H5N2 avian influenza detected in duck in Montana
Wild mallard duck is the first avian influenza detection in the United States in 2017
The USDA’s Animal and Plant Health Inspection Service (APHIS) has reported the first detection of avian influenza in the United States in 2017.
APHIS, in a press release issued on January 9, stated that the presence of Eurasian/North American reassortant H5N2 avian influenza in a wild mallard duck in Fergus County, Montana.
No illness or mortalities in domestic poultry in the U.S. have been detected at this time.
The sample, taken from a hunter-harvested bird through routine surveillance, was tested at the Colorado State University Veterinary Diagnostic Laboratory and forwarded to USDA’s National Veterinary Services Laboratories in Ames, Iowa. Characterization of the sample is ongoing.
“This appears to be one of the strains we saw during the outbreak in 2014 and 2015,” said Dr. Jack Shere, USDA Chief Veterinarian. “This finding serves as a powerful reminder that there is still avian influenza circulating in wild birds, and producers and industry need to continue to be vigilant about biosecurity to protect domestic poultry.”
Precautions and education
Wild migratory waterfowl are a natural reservoir for avian influenza, and these viruses can travel in wild birds without them appearing sick. People should avoid contact with sick/dead poultry or wildlife. If contact occurs, wash your hands with soap and water and change clothing before having any contact with healthy domestic poultry and birds.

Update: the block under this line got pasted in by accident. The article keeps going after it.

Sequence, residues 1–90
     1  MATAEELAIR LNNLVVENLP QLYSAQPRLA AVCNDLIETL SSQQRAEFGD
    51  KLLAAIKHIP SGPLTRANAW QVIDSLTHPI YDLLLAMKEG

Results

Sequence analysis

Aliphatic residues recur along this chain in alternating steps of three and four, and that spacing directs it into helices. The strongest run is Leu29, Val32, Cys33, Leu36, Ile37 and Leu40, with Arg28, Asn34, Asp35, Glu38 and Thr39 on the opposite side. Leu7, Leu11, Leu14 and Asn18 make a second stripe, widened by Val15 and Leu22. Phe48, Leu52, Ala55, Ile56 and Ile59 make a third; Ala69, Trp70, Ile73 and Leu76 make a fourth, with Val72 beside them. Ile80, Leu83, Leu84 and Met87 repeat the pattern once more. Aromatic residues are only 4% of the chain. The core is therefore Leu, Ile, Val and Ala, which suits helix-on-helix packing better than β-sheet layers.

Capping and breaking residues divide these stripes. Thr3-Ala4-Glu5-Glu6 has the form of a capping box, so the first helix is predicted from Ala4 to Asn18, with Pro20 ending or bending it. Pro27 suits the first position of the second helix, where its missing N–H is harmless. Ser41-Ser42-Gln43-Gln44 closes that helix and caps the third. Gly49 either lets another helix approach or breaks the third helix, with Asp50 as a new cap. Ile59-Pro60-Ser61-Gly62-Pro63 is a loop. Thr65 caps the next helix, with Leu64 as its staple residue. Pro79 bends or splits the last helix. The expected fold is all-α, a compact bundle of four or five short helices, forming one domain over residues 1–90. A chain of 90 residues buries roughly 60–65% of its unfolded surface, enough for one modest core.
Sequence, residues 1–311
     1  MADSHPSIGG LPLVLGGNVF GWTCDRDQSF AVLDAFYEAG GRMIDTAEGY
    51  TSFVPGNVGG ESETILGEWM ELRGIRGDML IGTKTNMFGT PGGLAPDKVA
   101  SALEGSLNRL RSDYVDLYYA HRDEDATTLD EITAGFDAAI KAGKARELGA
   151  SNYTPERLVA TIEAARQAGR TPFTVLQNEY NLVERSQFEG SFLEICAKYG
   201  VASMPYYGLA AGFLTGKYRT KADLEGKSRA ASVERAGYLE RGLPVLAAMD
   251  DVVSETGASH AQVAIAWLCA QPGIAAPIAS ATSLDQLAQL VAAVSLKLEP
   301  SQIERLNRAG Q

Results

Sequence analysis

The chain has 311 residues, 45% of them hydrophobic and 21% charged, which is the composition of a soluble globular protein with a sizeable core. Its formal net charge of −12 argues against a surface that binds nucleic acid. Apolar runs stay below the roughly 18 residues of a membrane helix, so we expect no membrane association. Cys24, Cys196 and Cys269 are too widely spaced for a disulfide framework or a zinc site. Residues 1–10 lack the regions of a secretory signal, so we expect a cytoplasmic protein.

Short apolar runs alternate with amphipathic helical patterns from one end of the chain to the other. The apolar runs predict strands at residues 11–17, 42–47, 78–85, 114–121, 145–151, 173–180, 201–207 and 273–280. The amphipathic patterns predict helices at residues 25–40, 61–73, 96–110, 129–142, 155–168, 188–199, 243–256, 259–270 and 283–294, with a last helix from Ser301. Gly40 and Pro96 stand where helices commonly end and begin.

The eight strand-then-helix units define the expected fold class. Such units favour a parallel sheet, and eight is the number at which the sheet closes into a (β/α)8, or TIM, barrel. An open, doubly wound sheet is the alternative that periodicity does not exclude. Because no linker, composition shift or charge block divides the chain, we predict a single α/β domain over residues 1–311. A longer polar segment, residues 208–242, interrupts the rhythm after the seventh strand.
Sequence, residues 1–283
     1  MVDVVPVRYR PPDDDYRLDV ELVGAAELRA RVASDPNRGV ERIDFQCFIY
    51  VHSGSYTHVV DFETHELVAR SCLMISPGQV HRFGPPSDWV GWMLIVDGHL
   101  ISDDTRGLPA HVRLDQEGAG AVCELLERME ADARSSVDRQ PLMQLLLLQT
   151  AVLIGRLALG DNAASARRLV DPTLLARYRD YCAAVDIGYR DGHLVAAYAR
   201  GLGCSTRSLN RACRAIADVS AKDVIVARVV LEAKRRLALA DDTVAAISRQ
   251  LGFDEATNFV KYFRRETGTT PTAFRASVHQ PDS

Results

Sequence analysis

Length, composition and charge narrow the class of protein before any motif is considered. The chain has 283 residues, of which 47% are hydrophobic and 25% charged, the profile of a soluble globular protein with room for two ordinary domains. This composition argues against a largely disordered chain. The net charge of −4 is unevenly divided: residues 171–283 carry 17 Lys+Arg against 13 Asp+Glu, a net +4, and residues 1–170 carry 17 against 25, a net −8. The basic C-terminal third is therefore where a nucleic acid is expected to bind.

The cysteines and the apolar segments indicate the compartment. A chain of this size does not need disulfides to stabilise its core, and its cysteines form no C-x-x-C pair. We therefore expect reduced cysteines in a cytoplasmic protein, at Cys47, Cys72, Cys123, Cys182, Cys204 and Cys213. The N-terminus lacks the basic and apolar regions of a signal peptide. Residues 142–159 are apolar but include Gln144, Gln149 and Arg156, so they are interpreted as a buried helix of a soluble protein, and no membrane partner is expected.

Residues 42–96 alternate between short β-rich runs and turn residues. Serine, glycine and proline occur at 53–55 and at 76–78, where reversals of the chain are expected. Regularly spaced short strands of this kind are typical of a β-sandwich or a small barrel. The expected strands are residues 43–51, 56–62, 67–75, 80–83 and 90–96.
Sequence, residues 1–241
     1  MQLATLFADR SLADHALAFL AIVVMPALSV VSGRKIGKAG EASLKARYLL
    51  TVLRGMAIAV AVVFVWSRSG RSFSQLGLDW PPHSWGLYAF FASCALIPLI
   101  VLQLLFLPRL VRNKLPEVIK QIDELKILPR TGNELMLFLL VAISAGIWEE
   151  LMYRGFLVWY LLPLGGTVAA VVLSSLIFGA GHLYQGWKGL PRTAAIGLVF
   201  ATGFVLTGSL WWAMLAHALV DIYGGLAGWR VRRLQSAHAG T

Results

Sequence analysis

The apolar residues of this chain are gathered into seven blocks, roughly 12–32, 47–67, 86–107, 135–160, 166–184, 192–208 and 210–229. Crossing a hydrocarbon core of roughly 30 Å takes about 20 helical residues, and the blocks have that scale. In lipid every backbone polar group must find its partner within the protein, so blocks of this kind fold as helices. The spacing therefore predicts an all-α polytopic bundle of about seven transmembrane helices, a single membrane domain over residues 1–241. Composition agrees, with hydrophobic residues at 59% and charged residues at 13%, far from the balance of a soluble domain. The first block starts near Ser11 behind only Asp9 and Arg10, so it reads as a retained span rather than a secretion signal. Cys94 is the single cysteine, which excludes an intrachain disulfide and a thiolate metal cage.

Anyone involved with poultry production from the small backyard to the large commercial producer should review their biosecurity activities to assure the health of their birds. To facilitate such a review, a biosecurity self-assessment can be found on the USPOULTRY website.
USDA recently launched Defend the Flock, a new educational campaign that provides commercial poultry owners and growers, as well as the poultry industry and federal/state/local animal health officials, resources to help ensure that the best biosecurity practices are used to protect commercial flocks from infectious disease.
Hunters should dress game birds in the field whenever possible and practice good biosecurity to prevent any potential disease spread. APHIS offers biosecurity information online.
In addition to practicing good biosecurity, all bird owners should prevent contact between their birds and wild birds and report sick birds or unusual bird deaths to State/Federal officials, either through their state veterinarian or through USDA’s toll-free number at +1.866.536.7593.